Why Index Funds Outperform Equity Mutual Funds

August 2, 2015

Index mutual funds biggest advantage is their low costs. After stock mutual fund costs of brokerage commissions, sales loads, bid-ask spreads, management fees, and advertising are deducted, the returns are about 2-3% lower than a broad market index fund. This might not seem like much, but over the course of a lifetime of investing the difference is huge.

Fund investors sometimes earn even less because of poor market timing and under performing funds (Buy High/ Sell Low, Dot.Com Bubble).

For example, $10,000 with a 5% average return compounded annually over a 50 years,  is worth $144,674, while the same amount and time at 8% yields $469,000. Higher costs matter. This site can be used for interest calculations- http://www.thecalculatorsite.com/finance/calculators/compoundinterestcalculator.php

All Index Funds are not created equal however. Some have sales loads or class B shares with high annual fees. Look for index funds with an expense ratio in the .05 to .10 area.  So perform your due diligence when investing in them.

I forget who said “The best way to make money with mutual funds is to invest in the company that sells them.”

S&P has been in a trading range(2040 to 2130) since February. I’ll be concerned if it drops to the 1980 area.



Welcome to The Index Investor Plus

I retired 11 years ago and received a lump sum from my employer of 28 years. I did what almost everyone else did with their money, rolled it over to an IRA  and hired a financial advisor to invest it for me. The returns were not too bad. The account averaged about 5% per year.   I was paying the advisor 1/2% yearly on the total amount in my account. The mutual funds that I was invested in had fees ranging from 1/2% to over 1%. One had a front end load of 5.75%.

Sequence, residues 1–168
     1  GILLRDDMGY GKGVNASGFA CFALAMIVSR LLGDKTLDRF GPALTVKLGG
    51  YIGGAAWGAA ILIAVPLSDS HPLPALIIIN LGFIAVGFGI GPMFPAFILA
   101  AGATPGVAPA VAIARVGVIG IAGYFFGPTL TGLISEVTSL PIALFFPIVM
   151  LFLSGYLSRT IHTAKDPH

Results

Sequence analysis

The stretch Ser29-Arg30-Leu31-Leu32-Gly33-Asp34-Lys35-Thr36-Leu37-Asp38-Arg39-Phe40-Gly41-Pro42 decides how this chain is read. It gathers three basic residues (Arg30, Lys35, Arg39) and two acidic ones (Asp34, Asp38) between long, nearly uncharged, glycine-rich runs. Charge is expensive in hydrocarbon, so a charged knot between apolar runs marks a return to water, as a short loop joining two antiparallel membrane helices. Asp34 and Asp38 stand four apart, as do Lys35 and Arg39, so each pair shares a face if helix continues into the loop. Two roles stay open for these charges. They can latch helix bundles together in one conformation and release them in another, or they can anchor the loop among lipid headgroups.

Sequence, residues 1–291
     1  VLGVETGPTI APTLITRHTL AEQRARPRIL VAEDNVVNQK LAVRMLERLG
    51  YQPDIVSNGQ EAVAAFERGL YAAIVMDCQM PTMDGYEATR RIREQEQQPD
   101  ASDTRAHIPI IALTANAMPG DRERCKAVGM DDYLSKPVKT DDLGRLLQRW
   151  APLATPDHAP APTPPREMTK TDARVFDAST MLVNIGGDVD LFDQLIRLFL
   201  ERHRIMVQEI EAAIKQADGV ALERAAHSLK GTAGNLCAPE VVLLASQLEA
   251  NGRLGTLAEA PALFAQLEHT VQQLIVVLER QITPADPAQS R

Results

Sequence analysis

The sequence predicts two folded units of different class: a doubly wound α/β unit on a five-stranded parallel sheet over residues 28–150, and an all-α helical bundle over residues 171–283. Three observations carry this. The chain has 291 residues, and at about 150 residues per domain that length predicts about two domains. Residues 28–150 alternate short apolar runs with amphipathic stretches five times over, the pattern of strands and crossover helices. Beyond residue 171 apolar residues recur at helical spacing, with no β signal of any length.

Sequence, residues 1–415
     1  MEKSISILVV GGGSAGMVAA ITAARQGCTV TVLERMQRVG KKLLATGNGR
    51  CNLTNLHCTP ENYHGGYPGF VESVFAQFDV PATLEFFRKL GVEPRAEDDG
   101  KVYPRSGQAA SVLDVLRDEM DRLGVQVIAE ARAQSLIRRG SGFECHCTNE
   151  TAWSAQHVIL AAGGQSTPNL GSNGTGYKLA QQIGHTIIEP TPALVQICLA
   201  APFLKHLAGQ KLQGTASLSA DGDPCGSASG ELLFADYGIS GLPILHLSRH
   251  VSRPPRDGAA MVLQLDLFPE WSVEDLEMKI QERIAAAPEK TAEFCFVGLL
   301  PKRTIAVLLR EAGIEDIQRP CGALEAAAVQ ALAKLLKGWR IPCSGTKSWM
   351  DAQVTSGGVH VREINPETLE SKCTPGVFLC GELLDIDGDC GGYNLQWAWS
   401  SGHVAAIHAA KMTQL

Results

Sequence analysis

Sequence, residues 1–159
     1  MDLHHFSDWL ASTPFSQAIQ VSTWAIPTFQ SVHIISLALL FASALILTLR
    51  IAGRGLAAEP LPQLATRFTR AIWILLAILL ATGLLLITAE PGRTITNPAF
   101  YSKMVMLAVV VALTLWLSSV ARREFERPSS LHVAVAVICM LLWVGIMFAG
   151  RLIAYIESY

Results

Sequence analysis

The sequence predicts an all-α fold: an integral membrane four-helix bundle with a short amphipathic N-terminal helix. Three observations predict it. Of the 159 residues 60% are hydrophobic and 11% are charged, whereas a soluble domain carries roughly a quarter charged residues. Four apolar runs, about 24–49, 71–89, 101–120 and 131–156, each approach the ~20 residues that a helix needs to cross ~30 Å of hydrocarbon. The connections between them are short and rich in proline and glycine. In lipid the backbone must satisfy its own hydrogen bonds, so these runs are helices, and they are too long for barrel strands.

After reading that most mutual funds( 96%) fail to beat their benchmarks, I decided to do some research on the reasons why:

Mutual fund fees make a big difference over time.

Average market return (S&P 500)  is 9.6% from 1990 to 2014.

Average mutual fund return is 5% per year

Add in advisor fees and the return is even less. I was paying 1/2% but 1% is the most common fee. 1% of a 5% return is a 20% reduction. I never thought of it that way!

I knew I was paying these fees, but never realized how they could add up.

It is also difficult for funds that do beat their benchmarks to continue to do so.

So what was a better way to invest? I thought why not invest in the benchmark that everyone is trying and failing to beat! I found SPY, VOO, and several mutual funds that buy all the stocks in the S&P 500 index or any broad market index  and has very low fees.  SPY’s annual fee is .09% and VOO’s annual fee is .05%. I used Yahoo Finance to find the expense ratios. Just type in the fund symbol and it’s under the profile header on the left menu. Shows up under fund operations.

An excellent site to compare fund costs is http://apps.finra.org/fundanalyzer/1/fa.aspx

http://investor.gov/ is another good site for unbiased investing information.

Personally I prefer the ETF’s to mutual funds because they can be bought and sold during the day. But it really doesn’t matter which one is used.

So low cost index funds seemed to be the best way to invest (for me anyway).

Market gurus (Warren Buffet, John Bogle,etc.) recommend buying low cost index funds and never trading them. Ever. I have to agree, to a point. Using 3 different long term market indicators that all agree to sell an index results in even better returns. The indicators have only flashed sell / buy signals 4 times in the past 15 years. For example, they showed a sell signal on the S&P in early December 2007 at 1468 and a buy in early July 2009 at 987. Avoiding a 33% drop.

That’s how I came up with the name Index Investor Plus. It’s buy and hold……… to a point!

More to follow,